The UK financial regulator, the Financial Conduct Authority (FCA), has accused US tech giant Google of not doing enough to stop fraudsters using its internet search pages to target victims with scam financial advertisements. Currently, fraudsters and promoters of high-risk schemes are widely able to place fake ads aimed at UK private investors on Google search pages, with the FCA only having the power to ask Google to take them down once they have been spotted. Lists of ads and websites the FCA believes to be scams are being shared with Google, but scammers are easily able to get around this with increasingly professional-looking promotions. At the same time, there is growing concern among banks and fintech groups that “deepfakes” – doctored or realistically edited videos, images and audio – will exacerbate the issue of online fraud, by impersonating clients and creating identity-based cyber-attacks. Banks, including HSBC, Chase and Mastercard, are now setting up partnerships with tech firms, to tackle deepfake content through biometric identification systems.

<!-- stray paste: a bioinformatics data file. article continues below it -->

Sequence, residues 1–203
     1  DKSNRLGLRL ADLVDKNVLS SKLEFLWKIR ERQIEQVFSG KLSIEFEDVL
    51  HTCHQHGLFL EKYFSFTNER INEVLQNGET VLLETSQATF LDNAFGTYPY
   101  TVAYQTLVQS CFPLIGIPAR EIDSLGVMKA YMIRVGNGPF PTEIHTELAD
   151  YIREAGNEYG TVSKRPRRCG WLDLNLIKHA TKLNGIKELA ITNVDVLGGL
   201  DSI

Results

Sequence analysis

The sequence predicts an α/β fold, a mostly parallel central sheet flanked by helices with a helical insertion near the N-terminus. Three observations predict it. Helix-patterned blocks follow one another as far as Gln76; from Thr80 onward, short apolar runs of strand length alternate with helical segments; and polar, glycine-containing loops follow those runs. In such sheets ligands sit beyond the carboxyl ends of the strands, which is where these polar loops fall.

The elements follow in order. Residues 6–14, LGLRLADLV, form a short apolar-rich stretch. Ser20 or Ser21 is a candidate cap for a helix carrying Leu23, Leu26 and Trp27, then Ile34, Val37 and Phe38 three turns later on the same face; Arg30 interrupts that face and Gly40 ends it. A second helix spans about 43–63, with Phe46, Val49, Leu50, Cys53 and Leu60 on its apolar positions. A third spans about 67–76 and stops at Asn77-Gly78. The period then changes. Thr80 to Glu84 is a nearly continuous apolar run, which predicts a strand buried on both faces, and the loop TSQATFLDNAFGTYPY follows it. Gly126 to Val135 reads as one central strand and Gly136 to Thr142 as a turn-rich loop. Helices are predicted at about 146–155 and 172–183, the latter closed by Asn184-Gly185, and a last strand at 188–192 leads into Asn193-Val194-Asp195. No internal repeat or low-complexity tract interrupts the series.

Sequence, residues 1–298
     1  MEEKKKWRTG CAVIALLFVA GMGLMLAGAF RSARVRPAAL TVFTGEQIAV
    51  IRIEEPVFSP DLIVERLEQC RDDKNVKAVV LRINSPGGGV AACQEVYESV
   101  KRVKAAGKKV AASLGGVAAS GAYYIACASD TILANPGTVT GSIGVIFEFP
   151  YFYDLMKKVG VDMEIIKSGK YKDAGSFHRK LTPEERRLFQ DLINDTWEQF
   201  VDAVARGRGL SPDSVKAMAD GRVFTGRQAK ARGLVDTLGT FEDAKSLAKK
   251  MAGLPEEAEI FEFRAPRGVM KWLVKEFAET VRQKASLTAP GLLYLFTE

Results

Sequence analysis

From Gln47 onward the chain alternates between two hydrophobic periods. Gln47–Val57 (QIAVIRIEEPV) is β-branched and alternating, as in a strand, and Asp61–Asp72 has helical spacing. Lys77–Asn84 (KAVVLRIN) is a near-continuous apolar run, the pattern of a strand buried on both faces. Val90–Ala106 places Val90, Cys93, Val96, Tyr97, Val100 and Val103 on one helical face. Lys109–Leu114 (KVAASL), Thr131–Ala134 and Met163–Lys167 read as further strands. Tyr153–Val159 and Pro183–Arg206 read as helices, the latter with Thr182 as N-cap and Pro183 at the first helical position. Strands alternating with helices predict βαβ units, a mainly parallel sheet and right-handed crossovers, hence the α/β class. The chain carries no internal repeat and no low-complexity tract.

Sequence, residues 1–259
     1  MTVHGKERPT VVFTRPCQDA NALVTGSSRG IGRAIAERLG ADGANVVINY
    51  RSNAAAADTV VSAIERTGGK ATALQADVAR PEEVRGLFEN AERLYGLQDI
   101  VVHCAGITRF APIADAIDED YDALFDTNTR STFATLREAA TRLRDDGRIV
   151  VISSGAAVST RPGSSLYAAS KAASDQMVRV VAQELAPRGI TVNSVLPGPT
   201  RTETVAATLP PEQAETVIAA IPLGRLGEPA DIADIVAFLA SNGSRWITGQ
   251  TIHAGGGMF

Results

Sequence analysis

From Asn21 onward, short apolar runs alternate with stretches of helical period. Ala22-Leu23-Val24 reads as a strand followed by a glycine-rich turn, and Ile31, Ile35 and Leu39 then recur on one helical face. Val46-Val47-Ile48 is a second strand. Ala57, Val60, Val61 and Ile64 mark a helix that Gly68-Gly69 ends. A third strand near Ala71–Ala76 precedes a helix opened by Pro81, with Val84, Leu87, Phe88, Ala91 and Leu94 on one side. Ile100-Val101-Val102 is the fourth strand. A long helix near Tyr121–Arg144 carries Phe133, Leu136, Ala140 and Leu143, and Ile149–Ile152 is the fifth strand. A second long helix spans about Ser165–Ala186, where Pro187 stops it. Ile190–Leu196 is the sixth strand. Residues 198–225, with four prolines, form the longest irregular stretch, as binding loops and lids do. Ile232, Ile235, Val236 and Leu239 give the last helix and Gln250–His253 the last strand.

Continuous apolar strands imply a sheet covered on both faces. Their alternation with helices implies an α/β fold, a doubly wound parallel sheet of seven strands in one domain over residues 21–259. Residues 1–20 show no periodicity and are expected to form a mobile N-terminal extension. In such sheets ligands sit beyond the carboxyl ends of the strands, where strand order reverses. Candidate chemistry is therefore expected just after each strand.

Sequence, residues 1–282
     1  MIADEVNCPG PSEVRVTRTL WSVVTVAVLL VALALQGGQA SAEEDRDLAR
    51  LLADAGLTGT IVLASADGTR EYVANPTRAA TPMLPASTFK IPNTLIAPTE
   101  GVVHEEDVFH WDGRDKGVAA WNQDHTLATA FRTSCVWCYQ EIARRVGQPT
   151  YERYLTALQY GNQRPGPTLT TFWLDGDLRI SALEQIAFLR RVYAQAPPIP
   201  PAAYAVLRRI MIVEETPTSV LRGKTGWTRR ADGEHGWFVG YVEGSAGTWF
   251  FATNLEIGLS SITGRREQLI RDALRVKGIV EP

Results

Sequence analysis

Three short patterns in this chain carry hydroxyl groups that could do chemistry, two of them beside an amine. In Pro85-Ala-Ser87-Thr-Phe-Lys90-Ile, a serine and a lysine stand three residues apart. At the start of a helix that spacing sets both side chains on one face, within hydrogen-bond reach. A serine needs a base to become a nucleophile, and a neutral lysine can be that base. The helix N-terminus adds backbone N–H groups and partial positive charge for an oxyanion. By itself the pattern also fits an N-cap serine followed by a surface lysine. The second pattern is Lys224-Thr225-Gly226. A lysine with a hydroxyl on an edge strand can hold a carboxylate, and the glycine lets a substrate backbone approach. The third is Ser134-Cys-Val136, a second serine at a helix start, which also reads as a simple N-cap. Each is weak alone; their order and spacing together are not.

Coverage of deepfakes has so far largely concentrated on the potential for manipulated videos of politicians, to cause large-scale deception across society and pose a threat to democracy. However, the FCA’s complaints to Google regarding action against fraudulent ads, and the move by some banks to invest in anti-deepfake technology, highlight a much more everyday concern of fabricated content targeting individuals. The chances of such fraud being successful in its aims is arguably higher than any dystopian society-wide deception. There would be many quick to analyse and call out fabricated video content from a President, but a fake call from a colleague or relative asking for a bank transfer could be much more difficult for the individual to dismiss. As our daily conversations continue to be predominantly online during Covid, this vulnerability is even greater. The existing challenges of preventing scams before they appear, as highlighted by the FCA, are a strong signal that industries are hugely underprepared for the onset of deepfake fraud, which will present an ever-more realistic and believable scam for individuals. The current status quo of removing fraudulent content after it appears, will not be enough for content that is close to life and personalised. Responsible businesses will act now to get ahead in the fight against deepfakes.
Richard Phillips, Consultant, EMEA